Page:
Our lives and much of what we’re accustomed to will have been changed forever by the coronavirus but the existential danger presented by nuclear weapons remains unless we act collectively as we have during the pandemic. The remarkable project described here entailed visits to all of the towns and cities in Minnesota and provides proof that throughout every corner of the state, there is a desire to abolish nuclear weapons. Read about it and further actions you can take now. ~ editor’s note
By Steve McKeown WAMM Newsletter Vol. 38 Num. 2 Spring 2020
In a press release dated January 23, 2020, Rachael Bronson, president and CEO of the Bulletin of the Atomic Scientists, said, “It is 100 seconds to midnight. We are now expressing how close the world is to catastrophe in seconds ¾ not hours, or even minutes. It is the closest to Doomsday we have ever been in the history of the Doomsday Clock. We now face a true emergency ¾ an absolutely unacceptable state of world affairs that has eliminated any margin for error or further delay.”
In this same press release, former California Governor Jerry Brown, the Bulletin’s executive chair, said: “Dangerous rivalry among the superpowers increases the likelihood of nuclear blunder. Climate change just compounds the crisis. If there ever was a time to wake up, it’s now.”
Wake up indeed.
There was a time when Americans woke up to this. In the early 1980s Randall Forsberg, founder of the Institute for Defense and Disarmament Studies, issued a call for a freeze on the production, testing, and deployment of nuclear weapons. Grassroots peace groups embraced it. In 1982, one million people marched in New York City to support the “Freeze,” reflecting the millions around the nation who marched, conducted study groups, leafleted, petitioned, and committed civil disobedience, in support of the movement.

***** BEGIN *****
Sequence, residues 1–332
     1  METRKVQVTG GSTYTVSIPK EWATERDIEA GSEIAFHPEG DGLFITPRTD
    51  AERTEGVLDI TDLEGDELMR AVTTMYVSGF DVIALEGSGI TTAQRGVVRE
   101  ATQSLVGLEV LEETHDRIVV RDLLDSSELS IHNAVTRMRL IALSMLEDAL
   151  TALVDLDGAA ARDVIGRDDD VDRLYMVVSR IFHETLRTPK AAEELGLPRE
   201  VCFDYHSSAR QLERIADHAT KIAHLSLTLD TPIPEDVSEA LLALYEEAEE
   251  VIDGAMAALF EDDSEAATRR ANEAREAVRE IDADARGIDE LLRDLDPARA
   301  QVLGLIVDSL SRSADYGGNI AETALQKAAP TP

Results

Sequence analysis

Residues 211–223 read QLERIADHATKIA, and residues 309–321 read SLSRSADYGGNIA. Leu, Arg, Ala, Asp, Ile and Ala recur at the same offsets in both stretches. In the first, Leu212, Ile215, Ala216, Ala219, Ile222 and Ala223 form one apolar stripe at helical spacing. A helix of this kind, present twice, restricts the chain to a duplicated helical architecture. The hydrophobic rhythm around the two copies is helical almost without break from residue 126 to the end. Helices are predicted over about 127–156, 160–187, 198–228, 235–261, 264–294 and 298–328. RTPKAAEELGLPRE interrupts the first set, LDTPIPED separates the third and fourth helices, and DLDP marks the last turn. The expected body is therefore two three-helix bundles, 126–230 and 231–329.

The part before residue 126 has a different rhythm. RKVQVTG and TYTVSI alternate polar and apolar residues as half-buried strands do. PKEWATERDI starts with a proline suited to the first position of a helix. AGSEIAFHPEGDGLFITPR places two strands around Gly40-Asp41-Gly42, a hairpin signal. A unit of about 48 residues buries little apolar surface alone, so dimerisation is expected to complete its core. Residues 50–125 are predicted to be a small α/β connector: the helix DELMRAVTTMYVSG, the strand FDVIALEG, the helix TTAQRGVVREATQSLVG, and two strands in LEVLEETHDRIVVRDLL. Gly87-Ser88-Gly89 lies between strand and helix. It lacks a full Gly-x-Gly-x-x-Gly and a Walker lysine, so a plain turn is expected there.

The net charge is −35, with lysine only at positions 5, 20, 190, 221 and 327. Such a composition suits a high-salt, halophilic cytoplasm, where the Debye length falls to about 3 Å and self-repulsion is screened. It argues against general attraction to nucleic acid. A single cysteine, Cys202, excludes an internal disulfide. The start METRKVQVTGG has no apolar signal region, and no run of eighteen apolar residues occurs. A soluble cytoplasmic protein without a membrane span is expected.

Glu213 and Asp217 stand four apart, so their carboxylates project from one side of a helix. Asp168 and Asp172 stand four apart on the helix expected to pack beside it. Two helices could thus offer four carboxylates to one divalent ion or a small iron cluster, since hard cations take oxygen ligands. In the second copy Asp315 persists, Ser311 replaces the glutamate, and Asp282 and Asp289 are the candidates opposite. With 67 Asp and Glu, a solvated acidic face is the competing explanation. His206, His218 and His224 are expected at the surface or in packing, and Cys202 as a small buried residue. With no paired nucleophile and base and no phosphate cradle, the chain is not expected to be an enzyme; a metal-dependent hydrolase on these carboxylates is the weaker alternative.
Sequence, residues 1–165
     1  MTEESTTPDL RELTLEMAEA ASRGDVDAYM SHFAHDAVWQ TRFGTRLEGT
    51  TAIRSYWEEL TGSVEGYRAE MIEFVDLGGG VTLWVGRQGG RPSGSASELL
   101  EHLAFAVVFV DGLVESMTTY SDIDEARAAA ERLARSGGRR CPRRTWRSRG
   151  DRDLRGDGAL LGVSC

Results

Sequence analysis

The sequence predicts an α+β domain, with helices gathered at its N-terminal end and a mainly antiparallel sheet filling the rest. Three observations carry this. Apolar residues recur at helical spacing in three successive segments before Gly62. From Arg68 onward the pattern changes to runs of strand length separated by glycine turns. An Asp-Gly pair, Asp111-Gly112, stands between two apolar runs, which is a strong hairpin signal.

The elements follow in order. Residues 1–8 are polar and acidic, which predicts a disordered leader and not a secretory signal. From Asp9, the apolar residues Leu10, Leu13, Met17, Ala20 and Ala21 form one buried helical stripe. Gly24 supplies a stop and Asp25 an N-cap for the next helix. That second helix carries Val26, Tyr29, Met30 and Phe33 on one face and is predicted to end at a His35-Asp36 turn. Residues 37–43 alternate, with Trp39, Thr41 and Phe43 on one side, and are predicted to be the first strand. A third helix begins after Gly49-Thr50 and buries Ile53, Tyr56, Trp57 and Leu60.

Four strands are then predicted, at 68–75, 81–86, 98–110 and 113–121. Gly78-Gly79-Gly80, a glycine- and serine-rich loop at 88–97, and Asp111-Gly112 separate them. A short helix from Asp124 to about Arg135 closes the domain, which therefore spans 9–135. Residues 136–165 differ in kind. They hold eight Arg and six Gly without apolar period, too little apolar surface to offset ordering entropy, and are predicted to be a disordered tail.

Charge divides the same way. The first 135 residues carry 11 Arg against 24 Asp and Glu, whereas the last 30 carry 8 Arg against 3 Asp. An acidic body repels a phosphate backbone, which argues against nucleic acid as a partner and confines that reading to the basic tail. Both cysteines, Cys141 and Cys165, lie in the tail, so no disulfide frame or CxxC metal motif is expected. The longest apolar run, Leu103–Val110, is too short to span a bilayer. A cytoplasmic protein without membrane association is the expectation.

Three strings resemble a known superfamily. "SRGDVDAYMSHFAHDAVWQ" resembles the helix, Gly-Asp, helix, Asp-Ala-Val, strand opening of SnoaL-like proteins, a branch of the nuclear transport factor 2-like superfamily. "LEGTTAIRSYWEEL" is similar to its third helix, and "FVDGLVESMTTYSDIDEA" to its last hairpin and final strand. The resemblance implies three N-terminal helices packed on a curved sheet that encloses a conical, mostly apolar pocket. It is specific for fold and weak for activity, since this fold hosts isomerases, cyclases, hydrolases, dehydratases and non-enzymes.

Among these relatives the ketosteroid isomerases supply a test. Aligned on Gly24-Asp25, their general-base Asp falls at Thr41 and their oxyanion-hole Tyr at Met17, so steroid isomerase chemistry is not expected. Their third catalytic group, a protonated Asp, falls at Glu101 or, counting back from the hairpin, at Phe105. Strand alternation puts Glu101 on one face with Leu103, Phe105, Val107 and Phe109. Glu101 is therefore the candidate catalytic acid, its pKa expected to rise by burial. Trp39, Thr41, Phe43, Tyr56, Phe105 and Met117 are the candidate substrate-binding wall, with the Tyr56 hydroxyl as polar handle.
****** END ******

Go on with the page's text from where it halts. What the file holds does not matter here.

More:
Thousands in Minneapolis held Mother’s Day parades to renounce these weapons. Even though the Freeze was strongly opposed by the political conservatives, including the Christian Right (especially the “Moral Majority” founded by the Baptist minister Jerry Falwell Sr.), it attained 72 percent approval by Americans in both 1982 and 1983. The Freeze was supported by major presidential candidates including the eventual nominee, Walter Mondale. Earlier in 1982, in spite of opposition on the right, Congress passed a resolution in support of the Freeze.
Ronald Reagan changed his hawkish position on nuclear weapons largely due to the impact of the Freeze movement, international protests against the weapons, and the conciliatory efforts of Soviet Premier Gorbachev. Later antinuclear sentiment when H.W. Bush was president ledto the IMF Treaty, Start I, and Start II, which drastically reduced these weapons. The problem was that countries other than the U.S. and Russia started producing these weapons, which led to the two major powers stalling on their agreements to further disarm.
Given this continued disarmament stalemate, in 2007 the International Campaign to Abolish Nuclear Weapons (ICAN) was formed by the Nobel Prize winning (1986) International Physicians for the Prevention of Nuclear War. ICAN drew its inspiration from another international peace group ¾ the Campaign to Ban Land Mines ¾ and organized accordingly. ICAN worked with the United Nations, and was instrumental in getting that body’s General Assembly to pass the Treaty to Abolish Nuclear Weapons by a near unanimous vote in 2017. It becomes international law when it is ratified by 50 of the legislative bodies of the signing countries. Thirty-five have done so.
The WAMM Campaign to Ban Nuclear Weapons, a project of the Twin Cities-based grassroots organization Women Against Military Madness (WAMM), joined ICAN and complements its work with educational outreach, large-scale postcard mailings to Minnesota’s U.S. senators, and a petition drive on paper in support of the UN treaty. Shortly after WAMM launched its campaign, the Minneapolis-St. Paul chapter of Veterans for Peace joined the effort.